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To: vivalaoink
From the article: 'Taking a pledge doesn't seem to make any difference at all in any sexual behaviour,' said researcher Janet Rosenbaum of the Johns Hopkins Bloomberg School of Public Health in Baltimore, Maryland. 'But it does seem to make a striking difference in condom use and other forms of birth control.'

Couldn't find much of what is behind this study, but it does seem to be her area of focus (virginity pledges)

I do know that planned parenthood and other like to push this talking point. Not sure why the British Press would be interested in a US report by a private individual.

SEICUS is a sex positive teaching advocate (FOR active sexuality, it is a birthright, abstinence is unhealthy because it is a supression of sexual desires...)...

They are affiliated with some of these studies and have a side in this debate. Just saying that it would be nice if someone who comes to this issue WITH a conclusion already in mind were upfront about biases.

8 posted on 12/30/2008 11:31:14 AM PST by weegee ("Let Me Just Cut You Off, Because I Don't Want You To Waste Your Question" - B.Obama Dec 16, 2008)
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To: weegee

They took the raw data (which does show that people who take pledges have sex less than those who don’t), and massaged it.

Specifically, they decided that comparing “pledgies” with “non-pledgies” wasn’t rational, since pledgies were more likely to be people who wouldn’t have sex. So they looked for OTHER factors like upbringing, religion, etc, to “weight” the information.

Once they had “comparable groups”, they found that within a “comparable group”, those who took the pledge had sex just as much as those who didn’t, but those who took the pledge were less likely to have a condom or birth control.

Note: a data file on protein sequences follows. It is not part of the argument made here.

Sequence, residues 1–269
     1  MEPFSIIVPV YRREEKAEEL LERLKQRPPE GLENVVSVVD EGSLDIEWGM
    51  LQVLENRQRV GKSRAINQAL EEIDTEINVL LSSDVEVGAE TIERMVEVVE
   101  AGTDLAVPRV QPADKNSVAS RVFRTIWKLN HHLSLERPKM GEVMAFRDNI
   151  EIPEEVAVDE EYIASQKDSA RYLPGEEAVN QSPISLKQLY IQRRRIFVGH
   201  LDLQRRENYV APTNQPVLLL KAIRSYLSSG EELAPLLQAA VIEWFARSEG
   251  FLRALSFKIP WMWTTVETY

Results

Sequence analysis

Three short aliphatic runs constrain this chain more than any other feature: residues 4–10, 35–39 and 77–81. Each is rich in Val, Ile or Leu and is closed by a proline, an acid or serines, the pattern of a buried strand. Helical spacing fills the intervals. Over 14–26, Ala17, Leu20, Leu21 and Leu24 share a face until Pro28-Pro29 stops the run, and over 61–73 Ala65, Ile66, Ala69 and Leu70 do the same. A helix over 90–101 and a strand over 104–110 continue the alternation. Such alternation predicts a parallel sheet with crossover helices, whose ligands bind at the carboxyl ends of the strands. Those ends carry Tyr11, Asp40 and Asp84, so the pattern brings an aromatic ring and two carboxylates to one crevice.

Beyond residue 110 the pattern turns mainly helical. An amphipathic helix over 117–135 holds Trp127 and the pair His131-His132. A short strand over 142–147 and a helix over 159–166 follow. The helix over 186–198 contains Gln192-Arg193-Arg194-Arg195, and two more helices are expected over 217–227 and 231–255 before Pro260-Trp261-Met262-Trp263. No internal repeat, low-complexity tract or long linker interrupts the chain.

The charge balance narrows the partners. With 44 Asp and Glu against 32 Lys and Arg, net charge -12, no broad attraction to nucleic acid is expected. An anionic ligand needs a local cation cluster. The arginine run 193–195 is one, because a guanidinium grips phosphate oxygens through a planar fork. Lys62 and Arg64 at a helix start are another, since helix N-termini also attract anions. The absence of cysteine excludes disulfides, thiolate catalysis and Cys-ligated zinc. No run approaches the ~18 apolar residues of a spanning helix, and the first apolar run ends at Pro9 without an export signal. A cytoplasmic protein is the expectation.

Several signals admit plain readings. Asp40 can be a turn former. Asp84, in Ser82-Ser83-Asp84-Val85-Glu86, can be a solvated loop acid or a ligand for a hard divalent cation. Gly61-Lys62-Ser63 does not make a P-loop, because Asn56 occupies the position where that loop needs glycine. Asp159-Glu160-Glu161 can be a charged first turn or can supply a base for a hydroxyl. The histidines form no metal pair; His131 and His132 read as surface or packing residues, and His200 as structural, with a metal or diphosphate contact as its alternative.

Now, the 2nd part is simply common sense. If you have pledged not to have sex, you probably are not on the pill, and probably don’t have condoms around.

On the other hand, the idea that you can find comparable groups in which you can then differentiate between pledgers and non-pledgers is problematic.

For example, suppose you have two girls of similar looks and circumstances, both from conservative christian homes. Both are taught not to have sex before marriage.

Which of the two is more likely to “take the pledge”? The one that feels more drawn to having sex. The pledge is a tool to help you resist temptation. A girl who has no interest in sex may not feel necessary to take the pledge, the girl who is getting pressure to have sex might take the pledge to help fend off the pressure.

Which means that, absent the pledge, it is likely the “pledgers” would have more sex than the non-pledgers.

The point is that “taking the pledge” is not some independent variable. A person’s circumstances is what DRIVES them to take the pledge, or not.

47 posted on 12/30/2008 2:54:44 PM PST by CharlesWayneCT
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